How a World War I jazz-playing Marine gave us the best weapon name ever
By Todd South
via the Marine Corps Times newspaper web site
Arkansas native Bob Burns enlisted in the Marine Corps during World War I and sailed to France in 1918 as part of the 11th Regiment.
The artillery detachment converted quickly to infantry for trench fighting but saw little action, allowing time for Sgt. Burns, the lead in the Marine Corps’ jazz band, to fashion a homemade instrument that would become a part of combat lore for decades to come.
Back in the States the following year, a newspaper article noted that Burns’ deft jazz playing was drawing in young men to a Marine Corps recruiting office in New York City, according to Sept 1919 edition of the New York Evening Telegram.
“We play everything from Berlin (Irving) to Mr. Beethoven and will tackle anything except a funeral march,” said Robbie (Bob) Burns. “The outfit consists of two violins, a banjo, piano, drum, and the bazooka.”
Bazooka. The word traces its origins back to “bazoo,” a slang term for mouth that, according to the Online Etymology Dictionary, may have come from the Dutch term for trumpet, “bazuin.”
“According to tales told by the Marines, the Melody Six are the snappiest, zippiest, jazziest aggregation of tune artists in any branch of Uncle Sam’s service,” the newspaper article noted in a section adjacent to Burns’ own instructions to building that very item: “Two pieces of gas pipe, one tin funnel, a little axle grease and a lot of perseverance.”
Around that same time, a little-known project was getting underway to help infantry soldiers and Marines battle the devastating effects of the recently fielded tank.
Dr. Robert Goddard, a scientist developing weapons for the Army, who invented the first liquid-fueled rocket, had set his sights on building a tube-fired weapon capable of being carried by a single soldier. But as the war came to its conclusion, the project was shelved.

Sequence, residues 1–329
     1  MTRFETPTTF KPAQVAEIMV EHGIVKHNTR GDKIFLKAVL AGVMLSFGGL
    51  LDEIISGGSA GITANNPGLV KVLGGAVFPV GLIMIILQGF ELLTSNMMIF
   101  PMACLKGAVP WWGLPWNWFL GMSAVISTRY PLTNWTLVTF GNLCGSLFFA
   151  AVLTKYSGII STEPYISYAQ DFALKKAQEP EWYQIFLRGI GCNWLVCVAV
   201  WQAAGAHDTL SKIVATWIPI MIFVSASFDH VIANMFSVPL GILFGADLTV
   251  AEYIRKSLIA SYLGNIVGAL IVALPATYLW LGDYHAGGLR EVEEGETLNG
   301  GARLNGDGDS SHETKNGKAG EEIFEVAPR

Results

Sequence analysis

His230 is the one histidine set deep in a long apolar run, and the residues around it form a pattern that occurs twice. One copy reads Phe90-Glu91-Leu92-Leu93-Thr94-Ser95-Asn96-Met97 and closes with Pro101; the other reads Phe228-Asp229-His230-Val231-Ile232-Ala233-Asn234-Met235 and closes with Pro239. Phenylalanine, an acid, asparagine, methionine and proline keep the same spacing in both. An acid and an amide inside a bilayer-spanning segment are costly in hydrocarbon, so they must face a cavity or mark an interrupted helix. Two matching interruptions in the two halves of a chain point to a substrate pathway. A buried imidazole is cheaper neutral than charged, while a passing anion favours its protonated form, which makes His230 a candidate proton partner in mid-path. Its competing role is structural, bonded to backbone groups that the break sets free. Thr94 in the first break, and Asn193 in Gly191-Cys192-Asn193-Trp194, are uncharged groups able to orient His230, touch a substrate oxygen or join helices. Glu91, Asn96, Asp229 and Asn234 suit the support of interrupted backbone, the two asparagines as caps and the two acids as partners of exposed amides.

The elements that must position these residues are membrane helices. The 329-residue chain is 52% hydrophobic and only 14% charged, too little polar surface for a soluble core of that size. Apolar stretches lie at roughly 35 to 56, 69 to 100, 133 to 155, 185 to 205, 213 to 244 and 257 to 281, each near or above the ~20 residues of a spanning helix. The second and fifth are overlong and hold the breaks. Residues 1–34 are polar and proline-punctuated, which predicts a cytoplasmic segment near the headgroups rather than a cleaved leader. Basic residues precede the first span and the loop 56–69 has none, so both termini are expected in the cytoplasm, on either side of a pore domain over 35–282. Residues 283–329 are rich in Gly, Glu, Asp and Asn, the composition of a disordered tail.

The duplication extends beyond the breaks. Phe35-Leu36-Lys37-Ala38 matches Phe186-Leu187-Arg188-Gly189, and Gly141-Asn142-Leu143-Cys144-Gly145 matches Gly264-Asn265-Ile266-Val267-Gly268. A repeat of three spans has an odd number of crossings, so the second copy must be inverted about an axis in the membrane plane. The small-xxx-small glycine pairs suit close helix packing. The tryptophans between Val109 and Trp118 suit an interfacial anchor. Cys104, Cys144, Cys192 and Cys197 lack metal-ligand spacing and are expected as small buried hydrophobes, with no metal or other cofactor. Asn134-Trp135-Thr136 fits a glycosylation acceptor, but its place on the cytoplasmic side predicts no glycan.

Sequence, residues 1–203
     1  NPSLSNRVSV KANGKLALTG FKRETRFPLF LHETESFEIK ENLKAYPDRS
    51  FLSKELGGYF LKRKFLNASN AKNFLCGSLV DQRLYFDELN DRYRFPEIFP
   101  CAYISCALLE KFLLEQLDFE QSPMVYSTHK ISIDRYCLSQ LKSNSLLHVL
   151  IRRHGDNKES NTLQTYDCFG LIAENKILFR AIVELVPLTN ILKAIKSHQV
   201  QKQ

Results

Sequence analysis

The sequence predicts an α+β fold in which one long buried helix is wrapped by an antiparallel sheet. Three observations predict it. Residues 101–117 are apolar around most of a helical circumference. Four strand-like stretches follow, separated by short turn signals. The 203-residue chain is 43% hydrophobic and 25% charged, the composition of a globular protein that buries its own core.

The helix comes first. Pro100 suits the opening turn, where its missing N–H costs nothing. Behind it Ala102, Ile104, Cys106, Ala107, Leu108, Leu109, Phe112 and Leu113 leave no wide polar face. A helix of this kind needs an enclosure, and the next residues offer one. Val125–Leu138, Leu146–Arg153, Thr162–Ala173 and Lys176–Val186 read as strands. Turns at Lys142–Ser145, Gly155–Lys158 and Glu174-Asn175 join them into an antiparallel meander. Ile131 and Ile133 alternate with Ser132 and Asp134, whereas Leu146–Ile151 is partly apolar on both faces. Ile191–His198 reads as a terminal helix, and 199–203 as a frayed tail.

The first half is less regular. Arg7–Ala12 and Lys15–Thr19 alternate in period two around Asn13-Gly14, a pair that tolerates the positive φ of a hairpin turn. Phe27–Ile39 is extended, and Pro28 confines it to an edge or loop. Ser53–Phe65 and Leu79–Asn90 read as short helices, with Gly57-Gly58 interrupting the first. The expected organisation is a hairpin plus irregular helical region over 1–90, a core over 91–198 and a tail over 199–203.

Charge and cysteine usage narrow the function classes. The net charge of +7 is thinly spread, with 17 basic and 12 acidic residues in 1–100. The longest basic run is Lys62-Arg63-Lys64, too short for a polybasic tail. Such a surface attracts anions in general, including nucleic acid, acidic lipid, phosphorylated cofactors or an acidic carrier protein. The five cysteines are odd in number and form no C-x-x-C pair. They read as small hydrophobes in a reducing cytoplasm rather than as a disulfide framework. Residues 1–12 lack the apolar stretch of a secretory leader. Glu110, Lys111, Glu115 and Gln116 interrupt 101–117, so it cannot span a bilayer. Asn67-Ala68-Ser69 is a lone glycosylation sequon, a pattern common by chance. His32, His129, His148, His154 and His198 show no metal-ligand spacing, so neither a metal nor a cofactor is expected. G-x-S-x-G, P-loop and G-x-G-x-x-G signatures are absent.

Decades later, with the U.S. blazing its trail against German forces in North Africa, military planners were again trying to find a way for foot soldiers to take on the tank, a weapon that had vastly improved in the decades since. Rifle grenade launchers, after all, did little to disable German tracks.
Revisiting Goddard’s plans fell to Army Col. Leslie Skinner, who had sketched out designs for such a weapon in 1940. It wasn’t long before the M10 shaped charge came into the arsenal, stirring the ashes of the abandoned project.
“I was walking by this scrap pile, and there was a tube that ... happened to be the same size as the grenade that we were turning into a rocket,” read a Time magazine quote from Lt. Edward Uhl, who Skinner tasked to introduce a little innovation to the project. “I said ‘That’s the answer!’ Put the tube on a soldier’s shoulder with the rocket inside, and away it goes.”
By May 1942, testing at the Army’s Aberdeen Proving Grounds had commenced. The warhead was matched with the tube, while testers employed a wire coat hanger as improvised sights prior to unleashing it on a moving tank.
One observer of the new weapon noted that the new launcher “looks like Bob Burns’ bazooka.”
Thus, a funky name was married to an even funkier weapon. The M1 “Bazooka” was produced and fielded during the North Africa campaign’s Operation Torch in October 1942. Soldiers loved it. (I still do.)
Read the entire article on the Marine Corps Times web site here:
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